To retain the predictability and accuracy clients need, it’s the behind-the-scenes, up-front work and collaboration that can have a substantial impact on achieving project goals. While it’s not always front and center, leveraging procurement is a crucial piece of not only getting projects off the ground, but also in setting each one up for success.
The importance of swift decisions and sound processes—in addition to remaining adaptable—are essential in a time when trade partners cannot guarantee pricing over 90 days and lead times have swelled in some cases to 6 months. To combat the issues and avoid delays that could impact the overall project schedule, the team took a proactive approach to identify items with long lead times, allowing all parties to plan accordingly within the project schedule.
For this project, below are all the items we identified to secure preauthorization from the owner to begin procurement of these long lead items ahead of the main contract execution. Once the trades were cut loose on early procurement, we worked closely with the reps to get their submittals in.
- Structural Steel
- Steel Decking
- Cooling Towers
- UPS System
- Transfer Switches
- Light Fixtures
- Structural steel
- Major Mechanical/plumbing equipment
- Major electrical equipment
In addition to identifying potential delays and prioritizing those items, trade partner buy-in and early submittals are critical to starting construction on time. By identifying long lead items that are critical to construction, we got the ball rolling on submittal development and submittal reviews and expedited the release for fabrication ASAP. We were experiencing a factory workforce shortage on our air handling units, which caused a one-month slip. If they weren’t in the fabrication que, this could’ve been a substantial delay.
Recent delays and uncertainty caused by the current landscape have forced teams to get creative in their processes and adjust them to account for potential issues. Improvements in the procurement process at TMC Rincon include:
- Utilizing a submittal party
- Identify priority submittals with trade partners, followed by outreach to vendors on lead times to provide JE Dunn a list of critical items that needed to be released for production ASAP.
- Request priority / long lead submittals from Trade Partners and notify design team of its priority.
- Schedule meetings around 5-10 business days after submission that included JE Dunn, Design reviewers, Trade Partner, and vendor/manufacturer rep. Design team comes to the meeting with comments ready. Design reviewer goes through all the comments with the rep. The rep answers as many questions as possible and follows up with the factory on any comments that can’t be addressed right away.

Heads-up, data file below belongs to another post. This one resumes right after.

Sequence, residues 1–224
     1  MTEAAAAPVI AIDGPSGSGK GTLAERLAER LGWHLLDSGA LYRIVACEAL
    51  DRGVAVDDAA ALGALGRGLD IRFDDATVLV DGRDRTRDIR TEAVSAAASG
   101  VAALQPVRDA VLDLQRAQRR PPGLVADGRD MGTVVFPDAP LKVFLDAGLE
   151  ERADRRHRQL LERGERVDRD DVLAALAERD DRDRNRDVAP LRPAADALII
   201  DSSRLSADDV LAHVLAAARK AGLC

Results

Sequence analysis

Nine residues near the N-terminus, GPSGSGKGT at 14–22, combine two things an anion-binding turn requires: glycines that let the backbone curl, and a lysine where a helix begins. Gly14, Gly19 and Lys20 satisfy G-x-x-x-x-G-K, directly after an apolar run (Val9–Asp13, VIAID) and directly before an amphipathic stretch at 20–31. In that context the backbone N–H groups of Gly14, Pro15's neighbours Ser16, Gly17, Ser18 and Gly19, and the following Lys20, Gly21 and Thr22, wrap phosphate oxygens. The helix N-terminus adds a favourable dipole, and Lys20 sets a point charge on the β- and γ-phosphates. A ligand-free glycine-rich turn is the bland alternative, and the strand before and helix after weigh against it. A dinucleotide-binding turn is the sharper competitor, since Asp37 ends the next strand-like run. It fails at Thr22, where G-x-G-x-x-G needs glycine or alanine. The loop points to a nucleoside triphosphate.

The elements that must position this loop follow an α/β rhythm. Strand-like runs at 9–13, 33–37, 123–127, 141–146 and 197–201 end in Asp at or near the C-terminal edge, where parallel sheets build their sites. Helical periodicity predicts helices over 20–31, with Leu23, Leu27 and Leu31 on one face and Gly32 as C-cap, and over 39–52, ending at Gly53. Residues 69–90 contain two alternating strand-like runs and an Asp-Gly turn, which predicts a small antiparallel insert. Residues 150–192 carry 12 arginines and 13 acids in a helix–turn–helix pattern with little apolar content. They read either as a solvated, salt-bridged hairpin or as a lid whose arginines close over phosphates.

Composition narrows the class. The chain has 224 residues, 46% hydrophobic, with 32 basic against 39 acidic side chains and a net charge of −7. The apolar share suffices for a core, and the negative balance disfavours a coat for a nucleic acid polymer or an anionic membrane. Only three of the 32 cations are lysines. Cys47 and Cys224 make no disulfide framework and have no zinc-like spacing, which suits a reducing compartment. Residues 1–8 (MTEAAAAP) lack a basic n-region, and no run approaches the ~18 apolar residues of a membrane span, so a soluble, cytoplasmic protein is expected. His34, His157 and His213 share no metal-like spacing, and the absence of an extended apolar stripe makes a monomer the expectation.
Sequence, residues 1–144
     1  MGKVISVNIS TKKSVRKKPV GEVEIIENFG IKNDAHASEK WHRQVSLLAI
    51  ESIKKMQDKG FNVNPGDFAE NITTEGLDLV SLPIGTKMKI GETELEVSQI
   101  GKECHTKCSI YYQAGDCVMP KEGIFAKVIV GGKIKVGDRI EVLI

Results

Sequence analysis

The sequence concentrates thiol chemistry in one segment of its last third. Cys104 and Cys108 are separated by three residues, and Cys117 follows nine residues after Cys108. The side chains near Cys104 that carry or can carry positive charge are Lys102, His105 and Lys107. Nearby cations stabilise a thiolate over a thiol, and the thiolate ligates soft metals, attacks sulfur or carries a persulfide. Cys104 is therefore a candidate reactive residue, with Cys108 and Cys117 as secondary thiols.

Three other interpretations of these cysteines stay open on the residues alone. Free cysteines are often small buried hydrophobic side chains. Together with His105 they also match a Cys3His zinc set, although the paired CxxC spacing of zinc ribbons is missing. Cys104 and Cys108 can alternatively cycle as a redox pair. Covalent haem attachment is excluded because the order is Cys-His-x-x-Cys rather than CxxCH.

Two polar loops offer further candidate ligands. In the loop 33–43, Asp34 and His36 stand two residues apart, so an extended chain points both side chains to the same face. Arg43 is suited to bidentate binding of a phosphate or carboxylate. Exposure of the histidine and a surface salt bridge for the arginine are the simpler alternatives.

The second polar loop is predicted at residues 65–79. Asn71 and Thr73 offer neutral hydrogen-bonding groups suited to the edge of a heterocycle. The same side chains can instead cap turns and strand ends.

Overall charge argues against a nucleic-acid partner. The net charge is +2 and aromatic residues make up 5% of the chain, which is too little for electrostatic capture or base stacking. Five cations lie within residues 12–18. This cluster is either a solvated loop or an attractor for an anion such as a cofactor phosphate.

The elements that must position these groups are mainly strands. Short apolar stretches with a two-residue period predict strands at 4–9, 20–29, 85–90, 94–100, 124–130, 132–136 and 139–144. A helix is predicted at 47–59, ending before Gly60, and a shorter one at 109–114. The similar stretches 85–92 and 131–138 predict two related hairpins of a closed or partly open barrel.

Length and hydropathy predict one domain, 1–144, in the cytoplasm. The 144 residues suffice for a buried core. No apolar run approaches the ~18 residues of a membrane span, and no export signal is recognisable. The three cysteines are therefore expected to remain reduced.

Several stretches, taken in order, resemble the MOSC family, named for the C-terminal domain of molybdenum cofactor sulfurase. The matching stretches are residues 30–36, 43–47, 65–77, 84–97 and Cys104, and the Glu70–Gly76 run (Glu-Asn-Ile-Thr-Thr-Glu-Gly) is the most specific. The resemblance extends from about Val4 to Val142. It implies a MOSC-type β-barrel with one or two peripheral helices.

- Distribution – JE Dunn distributes the review back to trade partner and confirms receipt and follows up after a week or so with an estimated ship date.
- Color-coded procurement log
- This JE Dunn procurement log takes the P6 schedule data and creates a color-coded priority list. You assign each item to an activity on the schedule, and it helps back track the days you need submittal approval by. With built-in formulas and color coding, any item overdue automatically populates in red to easily flag potential delays for the team.
In short-term, the goal was to avoid potential delays caused by interruptions in the supply chain—but what the team did not realize at the time is just how impactful those decisions would end up being in the long-term due to (still) increasing escalation and inflation. We were able to lock in long-lead equipment orders into the factories to avoid longer disruptions and save costs. Our AHUs slipped an entire month due to a manpower shortage at the factory; if we had not gotten a preauthorization, our AHU would have slipped significantly and jeopardized the project schedule.
While project teams have adjusted to the changing procurement issues, the fact remains that no one can predict how long these challenges will persist. Though it’s been difficult at times, the benefits of evolving to tackle these issues will only improve future processes and create more efficiencies going forward. “Having an efficient, proven procurement process in place is beneficial to everyone involved in each project,” said Procurement Director Jason Banks. “In addition to helping head off delays in the field and keeping work moving the pace required by the schedule, it also creates a team atmosphere from top to bottom to increase transparency and engagement across the board.”